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consequently, the u.s.-middle east partnership offered women hope. a chance to tell their stories and to offer them the cultural context and environment to empower women to take charge of their own health. speaking of four sisters around the world, and talk of empowering women does not mesh with the alleged conformist perspective of laura. demanding the release of medical visitors traveling in the midst of work -- political prisoners traveling in the midst of war, and calling to educate all children are not the examples that come to mind in discussing her time as first lady. but if one wants to take an evidence-based approach to evaluating her, a very interesting picture appears. if we stopped to analyze the rhetoric of her speeches without your picture at the top of the page. if we pull her name off the travel logs, and examined the breadth and depth of her
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initiative, and to measure the consistency of these efforts it reads much more like what the american public associates with hillary clinton than laura bush. mrs. bush has repeatedly demonstrated her dedication to the challenges facing men, women and children around the world. after 9/11, you can imagine how difficult it was to help children learn long after teacher. i'm proud to be able to continue that same mission today. she was true to the mission. perhaps even more importantly, laura had been exceptionally active in her term since leaving the white house. she boosted a women's for my project, renovated a clinic, visited an orphanage, and visited zambia alone in 2010.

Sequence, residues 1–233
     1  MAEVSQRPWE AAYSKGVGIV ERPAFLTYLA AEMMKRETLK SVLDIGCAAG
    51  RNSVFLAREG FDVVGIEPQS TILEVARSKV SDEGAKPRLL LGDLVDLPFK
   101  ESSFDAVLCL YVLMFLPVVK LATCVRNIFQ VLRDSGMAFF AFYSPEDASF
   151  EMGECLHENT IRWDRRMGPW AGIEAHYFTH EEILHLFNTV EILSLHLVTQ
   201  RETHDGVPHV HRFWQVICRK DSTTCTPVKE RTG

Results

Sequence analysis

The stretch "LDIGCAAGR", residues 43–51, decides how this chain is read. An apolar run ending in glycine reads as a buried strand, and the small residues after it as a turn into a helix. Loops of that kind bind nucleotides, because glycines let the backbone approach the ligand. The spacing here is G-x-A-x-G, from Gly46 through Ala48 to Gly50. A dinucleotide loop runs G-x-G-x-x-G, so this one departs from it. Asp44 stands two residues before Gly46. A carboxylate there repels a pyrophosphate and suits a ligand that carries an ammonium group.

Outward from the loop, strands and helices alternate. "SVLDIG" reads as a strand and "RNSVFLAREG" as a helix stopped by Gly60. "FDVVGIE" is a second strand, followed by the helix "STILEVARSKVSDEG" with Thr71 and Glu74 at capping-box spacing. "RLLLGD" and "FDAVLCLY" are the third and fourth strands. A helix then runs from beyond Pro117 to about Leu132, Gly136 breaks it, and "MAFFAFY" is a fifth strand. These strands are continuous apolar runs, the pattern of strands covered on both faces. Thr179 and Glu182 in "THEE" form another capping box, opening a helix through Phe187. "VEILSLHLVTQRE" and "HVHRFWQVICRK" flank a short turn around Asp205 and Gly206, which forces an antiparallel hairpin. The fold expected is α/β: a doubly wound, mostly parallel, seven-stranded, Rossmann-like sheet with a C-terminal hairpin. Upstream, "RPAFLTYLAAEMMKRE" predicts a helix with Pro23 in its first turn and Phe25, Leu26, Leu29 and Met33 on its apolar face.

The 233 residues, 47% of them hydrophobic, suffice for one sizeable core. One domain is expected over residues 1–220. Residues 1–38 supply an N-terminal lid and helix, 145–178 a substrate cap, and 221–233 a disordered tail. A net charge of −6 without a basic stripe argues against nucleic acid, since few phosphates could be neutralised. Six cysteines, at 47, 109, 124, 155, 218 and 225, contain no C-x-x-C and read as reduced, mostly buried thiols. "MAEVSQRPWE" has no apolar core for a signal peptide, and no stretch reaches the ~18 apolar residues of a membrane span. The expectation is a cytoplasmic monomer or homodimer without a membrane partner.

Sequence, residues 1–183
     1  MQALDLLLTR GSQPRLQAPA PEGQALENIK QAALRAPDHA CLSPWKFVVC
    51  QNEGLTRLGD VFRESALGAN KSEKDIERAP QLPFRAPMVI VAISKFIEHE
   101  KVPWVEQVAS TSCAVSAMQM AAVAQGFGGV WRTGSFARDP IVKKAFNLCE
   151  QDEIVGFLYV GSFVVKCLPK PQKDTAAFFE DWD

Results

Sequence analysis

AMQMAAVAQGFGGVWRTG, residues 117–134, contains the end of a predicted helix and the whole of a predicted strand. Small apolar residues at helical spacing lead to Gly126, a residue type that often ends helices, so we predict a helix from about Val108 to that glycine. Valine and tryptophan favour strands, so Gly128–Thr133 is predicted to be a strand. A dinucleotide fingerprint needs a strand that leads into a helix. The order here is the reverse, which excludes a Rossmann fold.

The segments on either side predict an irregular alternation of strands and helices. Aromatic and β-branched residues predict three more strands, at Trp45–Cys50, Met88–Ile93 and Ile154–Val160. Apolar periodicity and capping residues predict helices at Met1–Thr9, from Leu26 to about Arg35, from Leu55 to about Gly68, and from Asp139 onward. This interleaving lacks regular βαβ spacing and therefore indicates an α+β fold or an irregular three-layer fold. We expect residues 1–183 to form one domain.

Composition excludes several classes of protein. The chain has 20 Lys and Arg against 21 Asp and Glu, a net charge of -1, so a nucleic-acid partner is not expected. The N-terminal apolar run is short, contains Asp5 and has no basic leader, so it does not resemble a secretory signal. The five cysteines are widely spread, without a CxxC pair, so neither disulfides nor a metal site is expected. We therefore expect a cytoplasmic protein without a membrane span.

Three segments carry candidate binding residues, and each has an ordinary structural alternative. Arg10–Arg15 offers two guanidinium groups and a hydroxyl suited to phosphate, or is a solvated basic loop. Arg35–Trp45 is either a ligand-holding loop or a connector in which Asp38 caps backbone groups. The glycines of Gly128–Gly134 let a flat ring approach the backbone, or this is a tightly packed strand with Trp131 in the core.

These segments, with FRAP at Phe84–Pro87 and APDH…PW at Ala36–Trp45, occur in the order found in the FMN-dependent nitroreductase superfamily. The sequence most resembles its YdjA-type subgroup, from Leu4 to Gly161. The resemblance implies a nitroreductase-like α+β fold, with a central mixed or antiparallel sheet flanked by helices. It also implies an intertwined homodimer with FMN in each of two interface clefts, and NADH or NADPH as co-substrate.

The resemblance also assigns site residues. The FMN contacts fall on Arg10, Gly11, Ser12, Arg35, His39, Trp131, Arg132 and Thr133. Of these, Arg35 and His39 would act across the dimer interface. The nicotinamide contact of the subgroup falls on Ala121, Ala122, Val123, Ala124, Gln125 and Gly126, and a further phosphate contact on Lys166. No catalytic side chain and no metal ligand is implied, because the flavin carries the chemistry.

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the initiatives she pursued 20 years ago appeared to be the same she will pursue the next 20. two follow her interest for the rest of my life. -- i hope. while it may be easier to imagine her as the dutiful wife, is neither a complete nor wholly accurate picture. based on her time as first lady, in this country and abroad, the public at home must reconsider their view of laura the librarian with laura, the international activist first lady. >> difficult following such terrific papers. but i will try.
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my name is ann. ann: i had the pleasure of working with mrs. bush on a number of projects. i would like to focus on her work in the arts. in fact, i want you to know that i had the pleasure of serving also george bush senior when i was the head of the national endowment of the arts. president bush 43 and the laura bush were people dedicated to the arts. in fact, i like to call their administration the most money ever given out by the government for the arts. in the history of arts funding. the second greatest amount of money ever given out for the arts was given out by his father.